In America, we are used to hearing Shakespearean text performed in an “unaccented” American dialect, otherwise known as Stage Standard. While most American theatre-makers (Midsommer Flight included) accept this practice and believe the text will be more truthful and resonant if spoken in the actor’s own, un-affected dialect, some Americans do still prefer British Received Pronunciation (aka RP) as the “real” or “correct” way to pronounce Shakespearean text.
But do you know about Original Pronunciation? In fact, the language pronounced on Elizabethan stages sounded far different from the modern RP we are used to hearing today. The dialect sounded much closer to some hybrid form of Scottish. You could even argue, with it’s harder edges and over-pronounced R’s, that OP was closer to a modern American accent than a modern British one. At the very least, it seems safe to say that RP is no more the “right” way to speak this text than American Stage Standard.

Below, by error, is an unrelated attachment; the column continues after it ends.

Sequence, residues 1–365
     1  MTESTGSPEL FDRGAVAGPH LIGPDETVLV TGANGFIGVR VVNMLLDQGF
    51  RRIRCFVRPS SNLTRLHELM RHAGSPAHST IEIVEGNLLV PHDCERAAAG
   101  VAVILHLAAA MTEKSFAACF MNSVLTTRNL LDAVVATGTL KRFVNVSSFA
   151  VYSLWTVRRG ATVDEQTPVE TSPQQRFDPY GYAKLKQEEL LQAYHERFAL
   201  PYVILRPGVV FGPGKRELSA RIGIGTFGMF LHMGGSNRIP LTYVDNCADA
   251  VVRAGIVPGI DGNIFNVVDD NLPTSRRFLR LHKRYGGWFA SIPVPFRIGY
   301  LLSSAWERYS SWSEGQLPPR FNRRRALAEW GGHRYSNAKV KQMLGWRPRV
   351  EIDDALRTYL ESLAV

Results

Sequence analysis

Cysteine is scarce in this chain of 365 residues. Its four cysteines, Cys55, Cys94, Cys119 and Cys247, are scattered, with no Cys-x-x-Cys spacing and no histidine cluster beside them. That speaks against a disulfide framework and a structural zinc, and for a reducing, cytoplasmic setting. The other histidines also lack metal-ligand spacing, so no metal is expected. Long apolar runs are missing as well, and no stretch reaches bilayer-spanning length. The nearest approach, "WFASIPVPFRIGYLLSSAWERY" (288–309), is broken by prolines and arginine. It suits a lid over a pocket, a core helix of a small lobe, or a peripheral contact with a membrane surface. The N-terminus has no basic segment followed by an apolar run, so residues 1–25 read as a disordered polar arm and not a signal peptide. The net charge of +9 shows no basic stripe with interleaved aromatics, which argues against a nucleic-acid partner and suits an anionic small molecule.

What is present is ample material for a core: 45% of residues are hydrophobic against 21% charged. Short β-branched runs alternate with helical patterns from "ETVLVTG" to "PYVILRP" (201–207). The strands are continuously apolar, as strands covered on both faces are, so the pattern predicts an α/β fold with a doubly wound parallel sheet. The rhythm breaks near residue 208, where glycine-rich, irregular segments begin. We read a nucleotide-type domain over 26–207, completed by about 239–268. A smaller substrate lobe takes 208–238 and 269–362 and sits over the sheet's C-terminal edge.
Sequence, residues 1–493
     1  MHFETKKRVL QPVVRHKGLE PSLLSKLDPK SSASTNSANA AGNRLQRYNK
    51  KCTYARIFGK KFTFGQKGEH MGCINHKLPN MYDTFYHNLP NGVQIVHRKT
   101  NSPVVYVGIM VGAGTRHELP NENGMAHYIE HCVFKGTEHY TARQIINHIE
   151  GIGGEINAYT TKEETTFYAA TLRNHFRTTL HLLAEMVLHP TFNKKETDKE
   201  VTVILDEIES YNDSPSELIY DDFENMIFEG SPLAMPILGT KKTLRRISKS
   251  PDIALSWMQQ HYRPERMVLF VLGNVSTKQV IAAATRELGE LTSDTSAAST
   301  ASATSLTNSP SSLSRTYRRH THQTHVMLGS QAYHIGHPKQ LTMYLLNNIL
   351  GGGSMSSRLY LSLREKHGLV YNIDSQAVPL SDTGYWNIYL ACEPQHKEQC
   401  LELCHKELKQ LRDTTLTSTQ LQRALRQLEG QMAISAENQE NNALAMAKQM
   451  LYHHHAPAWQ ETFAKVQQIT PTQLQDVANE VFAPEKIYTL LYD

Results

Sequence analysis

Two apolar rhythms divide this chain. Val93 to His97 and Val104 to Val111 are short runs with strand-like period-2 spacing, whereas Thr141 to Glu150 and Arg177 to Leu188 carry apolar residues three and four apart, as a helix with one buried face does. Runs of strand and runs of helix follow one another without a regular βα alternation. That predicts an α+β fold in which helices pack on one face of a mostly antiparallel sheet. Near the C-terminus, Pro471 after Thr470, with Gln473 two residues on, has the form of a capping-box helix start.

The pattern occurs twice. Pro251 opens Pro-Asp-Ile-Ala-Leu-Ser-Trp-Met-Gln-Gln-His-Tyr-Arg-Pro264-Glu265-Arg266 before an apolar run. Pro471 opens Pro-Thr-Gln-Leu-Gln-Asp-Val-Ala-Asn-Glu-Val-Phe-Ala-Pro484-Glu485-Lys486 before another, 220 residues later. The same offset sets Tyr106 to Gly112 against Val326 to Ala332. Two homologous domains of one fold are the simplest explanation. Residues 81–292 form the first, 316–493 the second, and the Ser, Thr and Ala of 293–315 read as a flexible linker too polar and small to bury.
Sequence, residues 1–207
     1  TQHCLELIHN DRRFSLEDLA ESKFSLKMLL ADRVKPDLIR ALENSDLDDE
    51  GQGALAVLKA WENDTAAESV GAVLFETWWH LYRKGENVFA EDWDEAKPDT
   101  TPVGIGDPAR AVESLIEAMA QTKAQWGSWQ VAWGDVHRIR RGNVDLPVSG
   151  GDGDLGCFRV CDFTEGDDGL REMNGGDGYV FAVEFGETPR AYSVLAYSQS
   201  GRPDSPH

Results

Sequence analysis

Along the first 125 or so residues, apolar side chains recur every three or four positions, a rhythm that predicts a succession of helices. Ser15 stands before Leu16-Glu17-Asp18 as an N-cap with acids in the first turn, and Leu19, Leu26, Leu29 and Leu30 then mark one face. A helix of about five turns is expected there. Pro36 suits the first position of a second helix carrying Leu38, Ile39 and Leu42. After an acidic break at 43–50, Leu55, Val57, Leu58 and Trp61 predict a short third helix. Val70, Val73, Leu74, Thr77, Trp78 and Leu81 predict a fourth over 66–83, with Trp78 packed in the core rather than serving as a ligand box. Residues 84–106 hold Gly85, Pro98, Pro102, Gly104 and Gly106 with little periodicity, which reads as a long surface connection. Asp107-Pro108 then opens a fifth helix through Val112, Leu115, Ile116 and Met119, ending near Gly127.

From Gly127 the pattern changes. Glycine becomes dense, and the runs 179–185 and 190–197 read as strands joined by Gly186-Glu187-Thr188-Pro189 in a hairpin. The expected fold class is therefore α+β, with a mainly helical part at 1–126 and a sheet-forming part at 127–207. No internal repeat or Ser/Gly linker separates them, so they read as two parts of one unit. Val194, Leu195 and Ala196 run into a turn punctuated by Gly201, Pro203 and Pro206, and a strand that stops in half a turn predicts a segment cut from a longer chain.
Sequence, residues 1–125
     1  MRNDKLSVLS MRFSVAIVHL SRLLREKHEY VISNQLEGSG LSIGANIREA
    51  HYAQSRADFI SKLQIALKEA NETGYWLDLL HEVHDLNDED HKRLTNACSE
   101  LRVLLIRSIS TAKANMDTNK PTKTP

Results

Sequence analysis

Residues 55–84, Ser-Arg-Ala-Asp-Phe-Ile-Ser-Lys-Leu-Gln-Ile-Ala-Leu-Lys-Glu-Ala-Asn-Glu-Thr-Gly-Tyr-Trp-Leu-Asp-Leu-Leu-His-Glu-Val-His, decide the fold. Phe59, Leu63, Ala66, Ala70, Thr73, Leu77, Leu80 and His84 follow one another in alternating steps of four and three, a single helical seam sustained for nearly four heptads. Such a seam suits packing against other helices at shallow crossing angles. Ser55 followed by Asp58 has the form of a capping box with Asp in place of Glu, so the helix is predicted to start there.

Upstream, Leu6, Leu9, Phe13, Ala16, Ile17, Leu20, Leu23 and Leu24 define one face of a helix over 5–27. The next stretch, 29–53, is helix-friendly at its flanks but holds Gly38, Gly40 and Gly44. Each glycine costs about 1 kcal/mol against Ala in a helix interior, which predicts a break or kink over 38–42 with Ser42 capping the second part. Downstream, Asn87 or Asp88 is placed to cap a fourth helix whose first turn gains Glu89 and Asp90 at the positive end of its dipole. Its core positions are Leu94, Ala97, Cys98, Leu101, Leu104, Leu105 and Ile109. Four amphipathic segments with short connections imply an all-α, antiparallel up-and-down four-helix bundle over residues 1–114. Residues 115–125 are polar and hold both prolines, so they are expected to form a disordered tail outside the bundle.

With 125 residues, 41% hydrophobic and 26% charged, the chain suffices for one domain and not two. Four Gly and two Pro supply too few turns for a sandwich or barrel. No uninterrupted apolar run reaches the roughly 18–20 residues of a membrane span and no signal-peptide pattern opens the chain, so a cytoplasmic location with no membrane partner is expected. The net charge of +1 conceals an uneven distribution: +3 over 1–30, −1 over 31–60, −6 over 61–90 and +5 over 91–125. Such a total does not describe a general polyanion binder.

In this delightful 10-minute video, a father/son duo demonstrates the differences between RP and OP while standing on the stage of the Globe Theatre in London. Enjoy!